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Archives by Topics: Family Relationships

"…[T]he triangle between self and parents… is the most important primary triangle in life, and the one in which a person develops the triangle relationship patterns that remain relatively fixed in all relationships."

"The child is 'programmed' into the emotional configuration [of the family] very early in life, following which the amount of unresolved emotional attachment remains relatively fixed except for functional shifts in the parents."

— Family Therapy in Clinical Practice. 1978. New York: Jason Aronson, Inc., pp. 531 and 537 (Chapter 22, "Toward the Differentiation of Self in One's Family of Origin" (1974))

If there is one thing that is almost universal in Marriages, it is the WISH FOR HAPPINESS and the EFFORT TO MAKE THE OTHER HAPPY. The more mature the people, the less the concern with HAPPINESS. The more immature the people, the more they get preoccupied with HAPPINESS. This is most striking in the least mature people. The best example of this I've seen was a couple who "felt" (It is very hard for some people to operate on beliefs instead of feelings) that the ideal marriage would be one in which each could "give self to the other completely." What a mess of a marriage they had!

In my opinion, HAPPINESS, AS A GOAL, IS UNATTAINABLE. It appears to work for a lot of us, in a half successful kind of way, but the showdown comes with the test case situation. It is NEVER POSSIBLE TO SUCCEED IN MAKING THE OTHER HAPPY because SELF CAN NEVER DETERMINE WHEN HE HAS SUCCEEDED. Only the other can determine when your effort has been successful. For most of us, we make an effort to please the other and the other, sensing our effort, ACTS pleased without bothering his head to KNOW whether he was pleased or not. Life goes on as a grand delusion with no need to be especially concerned about it.


—Dr. Bowen to Family, Christmas Night, 1962

Sometimes it is hard to find a "head of the clan." Families will insist that they are big democracies, etc. and that they do not have such a person. However at times of crisis such as serious illness, or death, or court actions, a single person will step forward and become responsible and he, without knowing it, is head of the clan. Another way to find him is to find out who is, or who would be appointed Executor of an estate.


—Dr. Bowen to Ed Luff, November 18, 1964

If parents are able to change themselves, and this can be a lifelong preoccupation and effort, then the changes will automatically be reflected in their children. If parents attempt to change the child, without bothering to change themselves, and this is one of the most predominant and predictable characteristics of our culture, they will emerge with a change that is more apparent than real, which will last for one generation at best. A common phenomenon in our culture is one in which parents will say, "I want my children to have a better lot in life than I had. I do not want them to have to go through the problems and difficulties I had with my parents in my childhood." So the parents make a concerted effort to correct what they FELT (there is a big distinction between what one feels to be right and what one believes to be right) was wrong in their childhood in the rearing of their children. The coin is turned over and on the surface appears to be different, but the problem remains the same. Their children, involved in the same problem but with different manifestations, resolve to make things better for their children and to not repeat the mistakes of their parents. Again comes another change of the coin in the third generation with the net result that the member of the third generation can come to have the exact characteristics that the parents (second generation) disliked so much in their parents (first generation).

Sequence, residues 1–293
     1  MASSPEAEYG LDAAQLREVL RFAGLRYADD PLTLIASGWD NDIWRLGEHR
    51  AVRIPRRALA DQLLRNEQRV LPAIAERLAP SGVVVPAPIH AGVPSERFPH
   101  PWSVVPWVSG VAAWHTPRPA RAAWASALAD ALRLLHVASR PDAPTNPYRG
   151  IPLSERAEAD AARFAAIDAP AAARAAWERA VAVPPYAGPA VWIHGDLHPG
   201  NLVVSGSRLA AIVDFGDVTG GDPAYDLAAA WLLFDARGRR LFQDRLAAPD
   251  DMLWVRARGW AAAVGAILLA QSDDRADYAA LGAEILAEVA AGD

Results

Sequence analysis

—Bowen, Murray. 1965. The Reality Orientation of Parents and the Communication of Reality to Their Children.

For many years I have been on the thesis that a person can neither "hate" nor "over-revere" a parent if they really know their parents. I don't ride long with people who profess "hate" for parents. I insist that if you really get to know a parent as a person instead of an "angel" or a "devil," then you cannot either hate or sanctify them…. How can you really "hate" someone you’ve never really known? Do you know what your mother was going through at the time you were born? Well why in the world didn’t you ever ask or try to find out? Do you make it a policy of "hating" people without really knowing facts?


—Dr. Bowen to Family, May 11, 1968

Sociogram showing interchanges that are hostile, neutral, mixed and irrelevant. A nurse on the project, Ethel Mosby, probably created this drawing as directed by Dr. Bowen. Staff did this type of recording at the family-staff meetings, n.d. Courtesy of the National Library of Medicine.